Fanconi Anaemia-A Rare Case Report
Md. Abdul Aziz1, Mesba Uddin Chowdhury2, Rafiquzzaman Khan1, Md. Salauddin Shah3, Shafiqul Islam1
11Department of Haematology, Bangabandhu Sheikh Mujib Medical University, Dhaka, Bangladesh

Principal Contact


Fanconi anaemia is a rare and most common form of inherited aplastic anaemia. It is mostly autosmal (except one x link) recessive disorder characterized by diverse congenital malformations, progressive pancytopenia,and predisposition to both haematological malignancy and solid tumours. Congenital malformation varies from patient to patient and may affect the skeletal system as well as organ systems. Highly variable phenotypic presentation with clinical menifestations makes difficult for diagnosis in some cases. Chromosomal breakage study induce by Mitomycin-C (MMC)/Diepoxybutane(DEB) provide a unique cellular marker for the diagnosis.The incidence of FA is approximately 1 to 5 per million. In Bangladesh,so far no study or even any case was reported. In this case report,a two years nine months old male child presented with generalized weakness ,recurrent episodes of fever and physical deformities. It was found him short stature, microcephaly, trianguler face,generalized hyperpigmentation with cafe au lait spots,absent both thumbs with flexor deformity of both wrists. Peripheral smear found bicytopenia, bone marrow aspiration and biopsy showed hypoplastic marrow mildly elevated LDH, X-ray and USG showed bone and organ agenesis and chromosomal breakage study is also positive.

Key word:Fanconi anaemia, Cafe au lait spot, chromosomal breakage study


FA was first described in 1927 by the Swiss Paediatrician Guido Fanconi. It is a rare genetically inherited autosomal recessive disorder characterized by congenital malformations, progressive pancytopenia, cellular hypersensitivity to DNA-cross-linking agents, predisposition to acute myelogenous leukemia (AML) and other malignancies.1 The developmental and physical abnormalities may include hyperpigmentation, short stature, malformations of the thumb and forearms, skeletal anomalies, small head or eyes, renal problems, hearing defect, heart disease, gastrointestinal difficulties and hypogonadism. The incidence of FA is approximately 1 to 5 per million.2 This condition is more common among the people of Ashkenazi Jews, with carrier frequency of 1 in 893, and black South Africans where the carrier frequency is 1 in 83.4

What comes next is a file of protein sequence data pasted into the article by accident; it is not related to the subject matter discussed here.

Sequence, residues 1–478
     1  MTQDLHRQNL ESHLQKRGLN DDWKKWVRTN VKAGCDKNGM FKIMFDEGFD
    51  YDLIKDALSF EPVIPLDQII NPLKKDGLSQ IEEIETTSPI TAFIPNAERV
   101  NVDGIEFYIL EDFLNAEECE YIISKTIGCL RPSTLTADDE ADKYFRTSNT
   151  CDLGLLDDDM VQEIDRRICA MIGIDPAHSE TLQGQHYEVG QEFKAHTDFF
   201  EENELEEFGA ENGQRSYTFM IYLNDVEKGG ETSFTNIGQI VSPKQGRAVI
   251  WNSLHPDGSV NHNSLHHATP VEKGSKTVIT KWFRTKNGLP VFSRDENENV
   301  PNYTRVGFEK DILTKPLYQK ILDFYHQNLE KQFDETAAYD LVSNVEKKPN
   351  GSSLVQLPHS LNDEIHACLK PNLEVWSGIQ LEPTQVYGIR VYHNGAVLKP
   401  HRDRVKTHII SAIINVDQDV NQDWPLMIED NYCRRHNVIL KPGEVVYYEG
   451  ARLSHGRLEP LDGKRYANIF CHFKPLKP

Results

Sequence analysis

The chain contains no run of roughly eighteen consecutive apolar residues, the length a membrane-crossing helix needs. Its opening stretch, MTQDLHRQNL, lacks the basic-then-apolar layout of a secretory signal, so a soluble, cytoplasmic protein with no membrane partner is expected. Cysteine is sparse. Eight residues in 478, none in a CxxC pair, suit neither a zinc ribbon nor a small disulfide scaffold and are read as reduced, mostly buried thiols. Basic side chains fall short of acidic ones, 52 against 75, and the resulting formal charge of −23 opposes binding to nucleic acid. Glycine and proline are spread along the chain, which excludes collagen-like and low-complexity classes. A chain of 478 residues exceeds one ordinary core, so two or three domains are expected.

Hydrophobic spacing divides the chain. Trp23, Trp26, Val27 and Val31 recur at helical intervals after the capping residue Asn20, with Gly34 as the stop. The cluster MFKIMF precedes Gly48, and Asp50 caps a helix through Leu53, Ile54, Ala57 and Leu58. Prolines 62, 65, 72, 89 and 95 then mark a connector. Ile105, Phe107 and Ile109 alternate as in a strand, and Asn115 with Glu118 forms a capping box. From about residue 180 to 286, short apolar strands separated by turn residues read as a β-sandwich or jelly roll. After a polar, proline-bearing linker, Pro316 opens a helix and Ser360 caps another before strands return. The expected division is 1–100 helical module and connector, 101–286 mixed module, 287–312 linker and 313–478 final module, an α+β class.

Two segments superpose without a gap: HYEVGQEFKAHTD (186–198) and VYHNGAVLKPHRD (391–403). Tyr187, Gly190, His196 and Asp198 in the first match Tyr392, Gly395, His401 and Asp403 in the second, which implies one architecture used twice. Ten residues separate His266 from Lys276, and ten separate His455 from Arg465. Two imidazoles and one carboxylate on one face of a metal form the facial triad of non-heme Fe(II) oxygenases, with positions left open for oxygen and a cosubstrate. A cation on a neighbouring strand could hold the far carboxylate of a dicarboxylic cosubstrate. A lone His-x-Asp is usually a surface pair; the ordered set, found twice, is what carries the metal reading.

Case Report:

A two year nine months old male child presented with generalized weakness, recurrent episodes of fever and physical abnormalities. He was born of seven months of intrauterine life due to oligohydromnios with foetal distress by LUCS. During birth there was absent thumbs of both hands with flexor deformity of both wrists. After birth till now all the milestones of development was delayed. Antenatally, mother had no specific complaints and was uneventful. There was a history of suffering with ALL and death of his only sibling. Physical examination revealed patient had short stature as height for age (H/A) was below 10th percentile. He also had triangular face,microcephaly, generalised hyperpigmentation with cafe au lait spots, flat thenar eminence, absent both thumbs with flexor deformity of both wrists(figure 1).

Figure1: Absent thumb and Flexor deformity of both hand

Figure2:Hyperpigmented (cafe au lait) skin rash

Patient also had developmental delay and learning disability. Investigations revealed hemoglobin 7 gm/dl, Hct 21.2%, RBC Count2.16 million/cumm, Total WBC count 6600/cumm, Platelet count <10x103/cumm. Liver and renal function tests were within normal limits LDH 797 U/L. Peripheral smear showed bicytopenia. Bone marrow aspiration and marrow biopsy showed hypocellularity with reduced erythroid, myeloid and megakaryocyte series cells suggestive of aplastic anemia(figure 3).

Figure3 (a,b): Hypoplastic marrow (Trephine imprint a-10x and b-40x)